Sri Lanka has nabbed the number one spot in Lonely Planet’s list of top destinations for 2019! Included in Lonely Planet’s top ten picks were Germany, Zimbabwe, Panama, Kyrgyzstan, Jordan, Indonesia, Belarus, Sao Time and Principe and Belize.
To celebrate Sri Lanka’s victory, I’ve decided to put together top ten reasons why you should put Sri Lanka on your bucket list!
For me, the difference between a good trip and a truly memorable trip are the locals and their attitude towards visitors to their country. When w revisited Sri Lanka we were absolutely blown away by not only the friendliness of the Sri Lankan people, but their generosity and their genuine willing to help tourists out.
While road-tripping around the country in our rented jeep, we never once got lost thanks to the Sri Lankan people always eager to help us out when there was a lacking of English signposts. One stormy night, when the roads were flooded and the rain was pounding down, we veered off course and got stuck in a ditch. We thought all hope was lost until a family ran out of their house to help, including the kids! Within minutes we were out of the rut and back on the road!
If you like spice, the Teardrop Island is your go-to place! Also affectionately nicknamed the Island of Rice and Curry, the Sri Lankans make liberal use of the local fruits as well as an arsenal of spices. There is an abundance of fresh seafood with its extensive coastline and calm waters.
The most well-known dish in Sri Lanka is roti (also known as kottu). It resembles fried rice, except instead of rice it is made with godamba roti, a type of crispy flat bread. Curries are on every menu throughout the country, with coconut milk used heavily as the base of the curry. If spices aren’t your cup of tea, you can request a milder flavour, no problem.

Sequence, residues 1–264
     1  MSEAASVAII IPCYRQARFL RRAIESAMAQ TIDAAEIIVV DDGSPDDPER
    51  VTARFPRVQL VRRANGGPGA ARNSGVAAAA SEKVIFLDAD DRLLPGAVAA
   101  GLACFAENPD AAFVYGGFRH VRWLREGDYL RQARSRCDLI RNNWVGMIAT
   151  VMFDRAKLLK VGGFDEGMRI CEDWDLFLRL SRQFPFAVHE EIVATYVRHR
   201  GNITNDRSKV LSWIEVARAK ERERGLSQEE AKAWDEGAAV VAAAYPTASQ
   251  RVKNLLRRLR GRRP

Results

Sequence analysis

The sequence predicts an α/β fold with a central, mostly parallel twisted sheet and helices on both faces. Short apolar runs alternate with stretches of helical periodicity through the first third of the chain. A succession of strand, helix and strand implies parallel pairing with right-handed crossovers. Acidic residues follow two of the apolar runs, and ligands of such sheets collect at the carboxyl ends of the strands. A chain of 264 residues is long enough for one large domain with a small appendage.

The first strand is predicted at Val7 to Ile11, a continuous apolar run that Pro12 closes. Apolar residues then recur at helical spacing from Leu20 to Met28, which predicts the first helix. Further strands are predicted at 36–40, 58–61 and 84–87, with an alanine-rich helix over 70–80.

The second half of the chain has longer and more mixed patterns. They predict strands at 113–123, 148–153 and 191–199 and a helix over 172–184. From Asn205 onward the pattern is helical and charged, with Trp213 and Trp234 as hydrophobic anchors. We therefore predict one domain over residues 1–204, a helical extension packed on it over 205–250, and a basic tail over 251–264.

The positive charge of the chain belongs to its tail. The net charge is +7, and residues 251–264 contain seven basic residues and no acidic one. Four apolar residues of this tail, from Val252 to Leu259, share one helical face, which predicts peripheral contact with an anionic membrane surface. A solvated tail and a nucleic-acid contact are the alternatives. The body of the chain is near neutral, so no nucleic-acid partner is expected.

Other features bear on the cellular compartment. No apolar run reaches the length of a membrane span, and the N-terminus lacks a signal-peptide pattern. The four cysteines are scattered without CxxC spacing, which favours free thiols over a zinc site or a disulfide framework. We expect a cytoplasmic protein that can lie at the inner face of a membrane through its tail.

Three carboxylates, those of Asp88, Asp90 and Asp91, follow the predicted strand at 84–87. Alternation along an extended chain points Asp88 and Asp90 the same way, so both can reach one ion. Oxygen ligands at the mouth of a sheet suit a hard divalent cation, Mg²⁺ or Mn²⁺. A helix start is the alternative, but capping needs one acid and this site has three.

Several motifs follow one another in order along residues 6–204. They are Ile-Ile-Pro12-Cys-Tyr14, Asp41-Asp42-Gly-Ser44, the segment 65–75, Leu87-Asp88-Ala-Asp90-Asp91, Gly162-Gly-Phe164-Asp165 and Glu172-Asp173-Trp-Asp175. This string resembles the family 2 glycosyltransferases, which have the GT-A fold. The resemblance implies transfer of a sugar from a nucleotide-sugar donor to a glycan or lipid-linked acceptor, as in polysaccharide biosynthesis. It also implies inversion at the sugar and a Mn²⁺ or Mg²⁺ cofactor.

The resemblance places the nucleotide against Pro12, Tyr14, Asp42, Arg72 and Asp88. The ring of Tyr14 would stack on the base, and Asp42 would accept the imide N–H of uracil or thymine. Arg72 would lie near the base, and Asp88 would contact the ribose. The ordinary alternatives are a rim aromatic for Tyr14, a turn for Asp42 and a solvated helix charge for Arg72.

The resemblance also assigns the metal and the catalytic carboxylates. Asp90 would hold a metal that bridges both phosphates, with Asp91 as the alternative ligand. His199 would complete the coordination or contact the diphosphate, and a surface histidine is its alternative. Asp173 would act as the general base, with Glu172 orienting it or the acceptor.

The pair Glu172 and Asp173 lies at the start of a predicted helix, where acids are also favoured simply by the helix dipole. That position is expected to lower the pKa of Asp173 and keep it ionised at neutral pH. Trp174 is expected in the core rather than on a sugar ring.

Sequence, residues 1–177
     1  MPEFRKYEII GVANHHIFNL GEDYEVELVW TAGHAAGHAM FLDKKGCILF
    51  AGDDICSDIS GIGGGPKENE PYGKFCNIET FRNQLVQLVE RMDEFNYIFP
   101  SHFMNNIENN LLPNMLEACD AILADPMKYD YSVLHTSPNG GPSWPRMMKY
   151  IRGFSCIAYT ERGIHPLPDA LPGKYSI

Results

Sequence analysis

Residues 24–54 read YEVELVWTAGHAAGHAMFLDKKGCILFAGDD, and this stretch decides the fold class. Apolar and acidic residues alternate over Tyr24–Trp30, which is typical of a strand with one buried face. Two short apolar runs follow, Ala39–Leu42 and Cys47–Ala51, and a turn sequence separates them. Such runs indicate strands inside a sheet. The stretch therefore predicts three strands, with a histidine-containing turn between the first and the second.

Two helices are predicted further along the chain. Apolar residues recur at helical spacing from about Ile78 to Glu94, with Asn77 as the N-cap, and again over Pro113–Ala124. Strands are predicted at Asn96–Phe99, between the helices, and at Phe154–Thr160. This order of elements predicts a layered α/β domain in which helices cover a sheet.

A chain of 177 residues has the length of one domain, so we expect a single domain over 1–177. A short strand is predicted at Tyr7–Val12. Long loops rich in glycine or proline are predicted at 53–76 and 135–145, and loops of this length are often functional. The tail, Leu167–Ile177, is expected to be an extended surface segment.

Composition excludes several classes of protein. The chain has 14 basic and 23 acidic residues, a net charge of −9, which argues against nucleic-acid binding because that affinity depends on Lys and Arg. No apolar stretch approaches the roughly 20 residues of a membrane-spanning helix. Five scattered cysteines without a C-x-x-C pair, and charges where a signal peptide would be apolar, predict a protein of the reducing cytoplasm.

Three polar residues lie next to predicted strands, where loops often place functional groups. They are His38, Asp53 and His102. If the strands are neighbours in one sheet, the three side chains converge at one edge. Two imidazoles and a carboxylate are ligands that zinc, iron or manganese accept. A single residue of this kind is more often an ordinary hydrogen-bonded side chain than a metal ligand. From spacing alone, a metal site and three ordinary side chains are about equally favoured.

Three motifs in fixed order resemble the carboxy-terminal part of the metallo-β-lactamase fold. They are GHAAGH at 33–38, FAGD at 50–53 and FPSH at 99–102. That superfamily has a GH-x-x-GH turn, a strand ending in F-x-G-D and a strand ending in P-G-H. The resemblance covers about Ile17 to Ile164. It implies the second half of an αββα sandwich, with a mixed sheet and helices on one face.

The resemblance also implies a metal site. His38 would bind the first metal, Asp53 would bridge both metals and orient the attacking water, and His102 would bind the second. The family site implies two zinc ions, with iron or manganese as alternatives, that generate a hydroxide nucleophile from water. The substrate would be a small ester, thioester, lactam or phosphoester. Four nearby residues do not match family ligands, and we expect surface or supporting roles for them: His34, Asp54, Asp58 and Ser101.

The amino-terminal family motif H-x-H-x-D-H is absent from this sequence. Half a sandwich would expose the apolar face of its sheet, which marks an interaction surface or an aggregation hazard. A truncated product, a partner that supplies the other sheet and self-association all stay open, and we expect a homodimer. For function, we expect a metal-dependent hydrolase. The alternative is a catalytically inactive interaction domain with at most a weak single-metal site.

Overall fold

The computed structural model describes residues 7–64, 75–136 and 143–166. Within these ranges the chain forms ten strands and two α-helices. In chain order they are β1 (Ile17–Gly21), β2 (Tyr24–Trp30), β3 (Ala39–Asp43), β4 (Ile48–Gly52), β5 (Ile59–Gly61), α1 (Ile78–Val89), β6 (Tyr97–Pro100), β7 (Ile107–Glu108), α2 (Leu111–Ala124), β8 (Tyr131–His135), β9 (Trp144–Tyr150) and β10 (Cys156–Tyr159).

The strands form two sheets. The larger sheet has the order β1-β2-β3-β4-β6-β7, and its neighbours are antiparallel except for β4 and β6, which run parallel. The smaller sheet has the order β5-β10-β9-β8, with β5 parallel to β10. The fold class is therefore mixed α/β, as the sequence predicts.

Sri Lanka has hands down some of the most amazing beaches I have ever seen. The island is ringed with a necklace of palm-fringed beaches, with golden sand and clear waters. The beaches of the West coast and south are more Westernised, while the beaches further up the east coast are more deserted and off the tourist trail, due to the civil war and tsunami.
The beaches of the east coast like Nilaveli and Pasikuda are likened tovtge beaches of the Maldives, with whiter sands and menthol-coloured waters.
Sri Lanka has a wide range of biodiversity and there are fourteen national parks on the island! There is an abundance of wildlife in these parks including elephants, buffalo, leapords, slothbears and crocs.
If you would like to see elephants in the wild while in Sri Lanka, the national parks are an almost guaranteed place to spot them. Be careful of so-called “orphanges”, where elephants are chained and live in cramped conditions. Be particularly careful of the famous Pinawala Elephant Orphanage- do not let the Instagram posts fool you.
Sri Lanka is a country steeped in ancient history, with its religion and cultural ways evident in everyday life. The majority of Sri Lanka is Buddhist, while elements of Hinduism, Islam and Christianity are also present. My favourite thing about driving through Sri Lanka was how abruptly the religion and way of life changed from village to village. We would pass through one town and it would be full of colourful saris and beautiful temples, while the next town fifteen minutes down the road would be full of black burqas and mosques.
There are also eight UNESCO World Heritage Sites, including the Golden Temple of Dambulla, the old fort town of Galle and mympersonal favourite, Sigiriya.
Sri Lanka has some of the best snorkelling spots I’ve seen on my travels! Giant green turtles can be found all down the south coast, particularly in Hikkaduwa and Dalawella. My favourite snorkelling spot by far was Pigeon Island off the coast of Nilaveli beach.
Here you can swim with hawksbill turtles, metre-long reef sharks and schools of tropical fish.
It’s not all relaxation and tan-topping up on the beaches of Sri Lanka, they are also known for their killer waves! Surfers from all ovemrthr globe have been coming to the island for years for the consistent surf all around.
Hikkaduwa and Mirrissa are great beaches for novice surfers, while Arugam bay is where the pros go!
Thanks to Lonely Planet’s announcement, this may be the last year that Sri Lanka stays “off the beaten track”. We travelled on the cusp of low season, which saw a few rain showers, but the place was gloriously quiet!
As mentioned before, the south of the island is more Westernised, and by far the most popular area. Head further north and the crowds thin. When travelling the East coast, we were often the only people staying in our hotels, and the only ones on the beaches!!